× Frame 1: Keep calm and make note of the snake’s color, size, shape, and pattern, but only if doing so is safe, easy, and quick. Frame 2: Remove anything that could constrict blood flow to the bite area, like jewelry, shoes, or tight clothes. Frame 3: Cleanse the area with clean water and use a bandage to reduce bleeding. Avoid tourniquets, ice packs, suction devices, and stay away from caffeine and alcohol. Frame 4: Make your way to the nearest hospital or medical treatment center while keeping the affected area immobilized and elevated above the level of your heart.

| May 25, 2017

Manly Skills, Outdoors, Survival, Visual Guides

How to Treat a Venomous Snakebite

treating a venomous snakebite illustration how-to diagram

Out of the 3,000 or so snake species in the world, less than 10% are venomous in a truly dangerous way. But that still leaves a few hundred varieties you need to keep an eye out for the next time you’re tromping through the wilderness. As always, the best way to treat a snakebite is to prevent it. Avoid hiking in areas where snakes are known to be a problem, wear heavy boots that cover your ankle, step carefully in areas of tall grass, and watch out when stepping or reaching under rocks where snakes typically rest up.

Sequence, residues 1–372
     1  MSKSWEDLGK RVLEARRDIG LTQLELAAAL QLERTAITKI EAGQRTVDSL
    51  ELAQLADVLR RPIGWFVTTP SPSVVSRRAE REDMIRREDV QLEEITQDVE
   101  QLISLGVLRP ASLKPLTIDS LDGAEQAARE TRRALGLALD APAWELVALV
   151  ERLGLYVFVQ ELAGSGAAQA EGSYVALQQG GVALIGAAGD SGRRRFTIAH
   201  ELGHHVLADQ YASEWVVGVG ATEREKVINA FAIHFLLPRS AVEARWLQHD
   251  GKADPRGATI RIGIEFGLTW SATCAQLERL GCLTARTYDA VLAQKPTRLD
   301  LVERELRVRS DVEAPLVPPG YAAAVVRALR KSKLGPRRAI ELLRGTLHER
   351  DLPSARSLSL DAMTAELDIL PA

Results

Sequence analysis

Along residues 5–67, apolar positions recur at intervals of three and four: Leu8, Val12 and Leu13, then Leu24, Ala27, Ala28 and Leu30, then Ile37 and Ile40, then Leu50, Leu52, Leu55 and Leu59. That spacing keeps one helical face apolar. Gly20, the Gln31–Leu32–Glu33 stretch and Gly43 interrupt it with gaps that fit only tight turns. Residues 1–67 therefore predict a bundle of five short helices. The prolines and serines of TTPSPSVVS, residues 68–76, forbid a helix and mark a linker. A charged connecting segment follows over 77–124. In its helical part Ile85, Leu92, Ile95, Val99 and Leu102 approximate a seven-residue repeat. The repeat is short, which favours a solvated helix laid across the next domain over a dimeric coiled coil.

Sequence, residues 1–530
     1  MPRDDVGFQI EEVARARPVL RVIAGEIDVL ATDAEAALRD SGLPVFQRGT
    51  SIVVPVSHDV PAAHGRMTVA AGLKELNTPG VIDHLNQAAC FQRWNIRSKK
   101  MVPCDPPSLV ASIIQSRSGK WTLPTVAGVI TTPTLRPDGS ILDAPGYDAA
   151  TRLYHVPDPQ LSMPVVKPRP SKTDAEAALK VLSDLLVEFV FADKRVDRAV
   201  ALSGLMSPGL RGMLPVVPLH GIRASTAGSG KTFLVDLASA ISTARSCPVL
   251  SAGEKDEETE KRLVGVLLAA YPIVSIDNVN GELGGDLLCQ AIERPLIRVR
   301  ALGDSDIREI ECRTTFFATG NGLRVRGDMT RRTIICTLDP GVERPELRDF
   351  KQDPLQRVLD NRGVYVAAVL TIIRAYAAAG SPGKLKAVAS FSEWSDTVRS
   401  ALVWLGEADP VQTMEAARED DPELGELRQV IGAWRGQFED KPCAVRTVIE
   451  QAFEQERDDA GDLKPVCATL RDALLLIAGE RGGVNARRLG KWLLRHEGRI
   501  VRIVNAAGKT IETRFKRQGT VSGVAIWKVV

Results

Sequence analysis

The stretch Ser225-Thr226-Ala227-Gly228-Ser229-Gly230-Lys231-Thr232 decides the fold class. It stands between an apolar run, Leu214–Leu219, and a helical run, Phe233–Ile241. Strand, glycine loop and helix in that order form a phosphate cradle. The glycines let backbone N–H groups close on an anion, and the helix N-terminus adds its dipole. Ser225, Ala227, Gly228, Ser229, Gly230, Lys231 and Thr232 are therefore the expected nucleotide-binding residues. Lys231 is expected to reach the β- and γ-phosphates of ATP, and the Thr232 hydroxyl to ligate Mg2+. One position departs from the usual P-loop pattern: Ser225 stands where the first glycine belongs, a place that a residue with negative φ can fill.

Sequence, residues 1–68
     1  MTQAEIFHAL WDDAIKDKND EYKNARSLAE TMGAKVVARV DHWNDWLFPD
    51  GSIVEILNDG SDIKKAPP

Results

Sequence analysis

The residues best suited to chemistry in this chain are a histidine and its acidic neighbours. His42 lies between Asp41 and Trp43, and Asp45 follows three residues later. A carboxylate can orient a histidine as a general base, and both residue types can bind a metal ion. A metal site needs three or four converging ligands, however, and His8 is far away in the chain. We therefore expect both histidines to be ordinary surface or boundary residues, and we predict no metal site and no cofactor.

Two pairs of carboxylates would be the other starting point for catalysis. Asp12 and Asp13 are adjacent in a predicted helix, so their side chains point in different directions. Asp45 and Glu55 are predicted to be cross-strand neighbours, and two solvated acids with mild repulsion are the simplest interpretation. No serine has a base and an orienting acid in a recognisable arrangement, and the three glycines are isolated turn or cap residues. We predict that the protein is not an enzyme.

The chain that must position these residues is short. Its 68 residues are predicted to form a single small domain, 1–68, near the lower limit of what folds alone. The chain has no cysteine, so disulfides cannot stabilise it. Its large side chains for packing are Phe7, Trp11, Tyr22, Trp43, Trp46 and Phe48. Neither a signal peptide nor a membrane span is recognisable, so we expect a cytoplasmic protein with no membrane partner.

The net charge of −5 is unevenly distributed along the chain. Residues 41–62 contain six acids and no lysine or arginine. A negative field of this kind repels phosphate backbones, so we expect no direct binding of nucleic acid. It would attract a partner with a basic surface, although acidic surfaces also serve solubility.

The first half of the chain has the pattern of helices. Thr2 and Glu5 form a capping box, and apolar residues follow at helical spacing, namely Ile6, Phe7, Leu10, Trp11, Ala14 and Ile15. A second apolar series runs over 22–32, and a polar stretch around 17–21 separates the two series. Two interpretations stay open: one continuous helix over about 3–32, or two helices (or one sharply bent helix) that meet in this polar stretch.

If you are bitten, remain calm above all else. One of the most dangerous aspects of a snake bite is that it causes people to panic. Panic is bad because it elevates heart rate and blood flow to increase venom absorption and it leads to poor decision making, all of which puts you at far greater risk of serious injury.

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Illustration by Ted Slampyak

Last updated: September 12, 2017

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